Three figures each with a long dress, a thick belt and curly hair. The figure in front holds a spear with a broken tip in his left hand and a leafy branch in his right hand. The figure in the middle made his left hand a fist, and he carries a tool with his right hand at the level of his head. They are followed with a figure holding a sceptre in his left hand. All three have each a long sword at their waist. <br />
<br />
Against a gray background.
  • Hittite relief sculpted orthostat stone panel of Royal Buttress. Basalt, Karkamıs, (Kargamıs), Carchemish (Karkemish), 900-700 B.C.  Warrior.  Anatolian Civilisations Museum, Ankara, Turkey.<br />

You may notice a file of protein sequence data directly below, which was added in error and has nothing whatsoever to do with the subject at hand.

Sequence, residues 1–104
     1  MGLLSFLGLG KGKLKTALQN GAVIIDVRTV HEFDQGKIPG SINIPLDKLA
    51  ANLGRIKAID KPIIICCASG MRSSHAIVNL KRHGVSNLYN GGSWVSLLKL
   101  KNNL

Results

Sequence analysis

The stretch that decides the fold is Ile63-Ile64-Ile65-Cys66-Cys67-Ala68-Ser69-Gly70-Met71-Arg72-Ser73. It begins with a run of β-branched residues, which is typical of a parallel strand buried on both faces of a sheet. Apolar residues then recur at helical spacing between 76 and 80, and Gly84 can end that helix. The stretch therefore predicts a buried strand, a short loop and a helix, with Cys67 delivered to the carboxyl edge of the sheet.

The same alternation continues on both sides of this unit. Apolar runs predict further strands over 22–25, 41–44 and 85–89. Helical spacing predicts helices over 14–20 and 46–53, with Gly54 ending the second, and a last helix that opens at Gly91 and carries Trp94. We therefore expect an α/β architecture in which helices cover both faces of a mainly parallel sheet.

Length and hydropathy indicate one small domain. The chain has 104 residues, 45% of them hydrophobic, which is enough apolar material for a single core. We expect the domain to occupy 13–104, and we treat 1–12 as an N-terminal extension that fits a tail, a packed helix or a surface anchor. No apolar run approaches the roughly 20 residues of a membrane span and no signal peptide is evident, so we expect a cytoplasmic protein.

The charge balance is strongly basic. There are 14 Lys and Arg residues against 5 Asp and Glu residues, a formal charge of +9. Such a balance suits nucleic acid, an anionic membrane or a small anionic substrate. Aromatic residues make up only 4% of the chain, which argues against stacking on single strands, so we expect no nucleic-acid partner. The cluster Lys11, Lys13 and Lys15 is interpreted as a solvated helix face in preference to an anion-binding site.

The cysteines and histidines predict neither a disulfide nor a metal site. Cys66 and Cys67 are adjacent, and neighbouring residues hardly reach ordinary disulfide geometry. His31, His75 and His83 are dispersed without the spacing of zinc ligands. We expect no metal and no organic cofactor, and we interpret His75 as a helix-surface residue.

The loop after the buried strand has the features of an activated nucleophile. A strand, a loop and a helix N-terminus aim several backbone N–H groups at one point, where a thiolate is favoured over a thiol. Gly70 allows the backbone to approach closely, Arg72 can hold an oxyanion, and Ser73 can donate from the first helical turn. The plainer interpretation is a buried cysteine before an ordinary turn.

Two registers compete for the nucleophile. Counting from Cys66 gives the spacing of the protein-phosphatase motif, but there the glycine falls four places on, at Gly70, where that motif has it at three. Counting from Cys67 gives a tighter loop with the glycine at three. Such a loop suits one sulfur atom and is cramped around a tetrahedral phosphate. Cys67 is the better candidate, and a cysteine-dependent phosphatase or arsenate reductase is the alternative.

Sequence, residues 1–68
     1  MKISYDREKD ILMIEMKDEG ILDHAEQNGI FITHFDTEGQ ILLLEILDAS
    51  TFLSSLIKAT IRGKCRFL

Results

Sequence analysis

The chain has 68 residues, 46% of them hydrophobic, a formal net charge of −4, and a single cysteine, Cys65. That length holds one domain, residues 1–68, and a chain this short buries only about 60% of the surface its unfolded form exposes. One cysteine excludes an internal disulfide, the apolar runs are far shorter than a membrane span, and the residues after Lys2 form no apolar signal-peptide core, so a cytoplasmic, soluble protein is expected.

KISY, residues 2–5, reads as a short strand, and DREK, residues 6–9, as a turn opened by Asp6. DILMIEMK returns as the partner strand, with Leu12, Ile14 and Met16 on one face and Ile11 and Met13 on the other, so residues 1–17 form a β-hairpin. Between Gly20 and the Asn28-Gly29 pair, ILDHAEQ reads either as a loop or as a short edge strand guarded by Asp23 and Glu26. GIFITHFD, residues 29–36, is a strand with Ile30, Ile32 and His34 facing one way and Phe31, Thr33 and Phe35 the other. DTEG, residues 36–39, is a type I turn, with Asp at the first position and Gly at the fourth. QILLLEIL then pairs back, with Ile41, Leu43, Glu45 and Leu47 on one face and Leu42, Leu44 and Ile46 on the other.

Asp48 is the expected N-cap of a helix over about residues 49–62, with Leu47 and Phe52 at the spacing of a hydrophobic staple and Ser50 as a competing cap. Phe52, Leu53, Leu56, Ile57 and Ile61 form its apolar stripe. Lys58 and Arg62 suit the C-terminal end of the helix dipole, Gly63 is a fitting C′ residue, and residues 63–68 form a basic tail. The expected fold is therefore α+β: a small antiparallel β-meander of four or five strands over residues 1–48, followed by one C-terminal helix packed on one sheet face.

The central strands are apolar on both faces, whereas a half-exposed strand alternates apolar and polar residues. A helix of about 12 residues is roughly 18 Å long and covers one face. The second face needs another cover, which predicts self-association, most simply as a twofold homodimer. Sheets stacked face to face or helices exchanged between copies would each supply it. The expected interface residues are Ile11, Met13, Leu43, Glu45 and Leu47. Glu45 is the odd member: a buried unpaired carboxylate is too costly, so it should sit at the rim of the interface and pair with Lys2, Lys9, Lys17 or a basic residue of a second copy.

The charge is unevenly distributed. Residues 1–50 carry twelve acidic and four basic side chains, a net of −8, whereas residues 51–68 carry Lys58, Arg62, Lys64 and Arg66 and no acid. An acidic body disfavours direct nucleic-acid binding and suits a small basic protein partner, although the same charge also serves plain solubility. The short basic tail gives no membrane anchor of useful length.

<br />
The figure with a long dress, a thick belt and curly hair has a large egis on his back. The figures carries a spear in his right hand and a long sword at his waist.  <br />
<br />
Against a grey art background.
  • Photo of Hittite relief sculpted orthostat stone panel of Royal Buttress Basalt, Karkamıs, (Kargamıs), Carchemish (Karkemish), 900-700 B.C. Warriors. Anatolian Civilisations Museum, Ankara, Turkey.<br />
<br />
Three figures each with a long dress, a thick belt and curly hair. The figure in front holds a spear with a broken tip in his left hand and a leafy branch in his right hand. The figure in the middle made his left hand a fist, and he carries a tool with his right hand at the level of his head. They are followed with a figure holding a sceptre in his left hand. All three have each a long sword at their waist. <br />